on the Orkney Islands presented main
contractor Robertson Major Projects with
a unique set of challenges. To solve these, it took
into account the remoteness of the island, supply
chain logistics, local landscape, and challenging
For example, procuring and shipping
construction materials, such as steel, to the island
and storing on-site well in advance of programme
requirements reduced the vulnerability of the
project to extreme weather conditions.
Steelwork’s speed of construction was also
vital as the envelope of the building is designed
to take into account the available trades on
the islands and to achieve an early wind and
watertight position, thereby allowing internal
trades to progress despite inclement weather.
Delivering a major healthcare project
“The plan geometry of the design is very
complicated and the curved longitudinal
grids are based on a number of different radii.
We’ve used straight steel beams for most
areas, effectively faceting the frame between
grids, although for the tightest curves we’ve
used curved steel members,” says AECOM
Project Engineer Chris Denton.
Utilising steelwork supporting metal
decking has also made it easier to form the
required curves in the floorplate.
“Metal decking is fairly easy to cut on-site
compared to the alternative precast flooring
solution, which would have been far more
challenging and time-consuming,” says
Predominantly the steelwork is based
around a fairly regular 6m grid pattern, at
least as far as the perimeter columns are
concerned. However, internal columns
arranged around the tighter curves of the
courtyards have been adjusted accordingly,
presenting the scheme with a grid pattern
that can also vary from 4m up to 7m
“There may be three columns positioned
along the outside perimeter of a curved area,
but the inside of the curve only requires two
columns,” explains Mr Denton.
The hospital’s configuration is fairly
standard throughout with a central corridor
running down the middle of most parts of the
building, separating rooms on either side. The
corridors are where the services are located
just below the steel first floor and roof beams.
As hospitals are heavily serviced, and this
one is no different, some services have had to
be accommodated within the beam’s depth,
via a series of bespoke holes.
“In some areas, we would have had severe
congestion without running some services
through the beams,” says Mr Dalziel. “Having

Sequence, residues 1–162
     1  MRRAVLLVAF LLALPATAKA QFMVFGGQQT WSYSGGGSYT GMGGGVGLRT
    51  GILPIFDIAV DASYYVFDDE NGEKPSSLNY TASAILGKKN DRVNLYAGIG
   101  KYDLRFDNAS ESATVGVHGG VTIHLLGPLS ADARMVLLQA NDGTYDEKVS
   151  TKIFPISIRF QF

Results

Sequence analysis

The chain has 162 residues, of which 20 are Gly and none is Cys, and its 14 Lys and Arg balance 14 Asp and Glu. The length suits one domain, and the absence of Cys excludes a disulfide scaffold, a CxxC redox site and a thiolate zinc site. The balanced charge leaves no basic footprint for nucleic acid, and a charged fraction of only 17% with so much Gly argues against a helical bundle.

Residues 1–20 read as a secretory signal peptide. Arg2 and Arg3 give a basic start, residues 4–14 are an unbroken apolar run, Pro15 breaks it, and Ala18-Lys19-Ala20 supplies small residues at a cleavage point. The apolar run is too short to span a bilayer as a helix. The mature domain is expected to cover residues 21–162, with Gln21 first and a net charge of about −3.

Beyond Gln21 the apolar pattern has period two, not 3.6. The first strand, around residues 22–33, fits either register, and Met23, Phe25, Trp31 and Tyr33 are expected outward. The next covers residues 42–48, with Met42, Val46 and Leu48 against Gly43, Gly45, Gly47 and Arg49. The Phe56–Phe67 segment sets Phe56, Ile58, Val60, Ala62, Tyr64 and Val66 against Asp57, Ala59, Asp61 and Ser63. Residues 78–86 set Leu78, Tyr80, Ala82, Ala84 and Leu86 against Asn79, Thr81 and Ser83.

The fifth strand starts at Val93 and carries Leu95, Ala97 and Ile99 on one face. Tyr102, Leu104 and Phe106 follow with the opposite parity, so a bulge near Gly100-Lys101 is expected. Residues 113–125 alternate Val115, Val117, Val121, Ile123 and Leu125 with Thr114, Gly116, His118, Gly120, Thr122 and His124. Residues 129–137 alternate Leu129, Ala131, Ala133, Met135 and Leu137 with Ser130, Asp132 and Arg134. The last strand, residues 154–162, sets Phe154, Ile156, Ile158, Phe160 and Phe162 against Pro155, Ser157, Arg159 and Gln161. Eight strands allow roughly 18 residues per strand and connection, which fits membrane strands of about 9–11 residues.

a BIM model to share with the steelwork
contractor BHC and all of the other team
members meant that we could avoid clashes
and provide sufficient room for services.”
The entrance to the hospital is
accommodated within a large central
column-free space known as the hub. This
double-height space will have a series of
north lights positioned within the roof,
allowing plenty of natural light into the hub.
The hub is formed with a series of
15m-long rafters creating the required
From the hub the southern courtyard can
be accessed. This totally enclosed outdoor
area will be landscaped and feature a sensory
garden and seating to create a sheltered area
for visitors and patients alike. The other
partially enclosed courtyard will be an
outdoor area for a range of users.
The building’s steel frame derives most of
its stability from vertical diagonal bracing,
positioned in internal partition walls and
perimeter areas where there are no windows.
This has worked well for the ground
floor where the GP practices, dentistry,
outpatients, staff areas and kitchens are
The first floor, which predominantly has
operating theatres and patient rooms – all
en-suite single occupancy units – has been
designed with more flexibility in mind.
Stability to the steel frame on some parts
of the upper floor is therefore provided by
Using moment frames instead of bracing
has allowed the scheme the flexibility to
change partition walls and room layouts
right up to the last minute, without
causing any undue issues to the steelwork
contractor’s fabrication programme.
Summing up, NHS Orkney Chief
Executive Cathie Cowan says: “This
development will match our aspirations to
deliver the highest quality care and services
from fit-for-purpose facilities.”
A combination of
members and curved
beams form the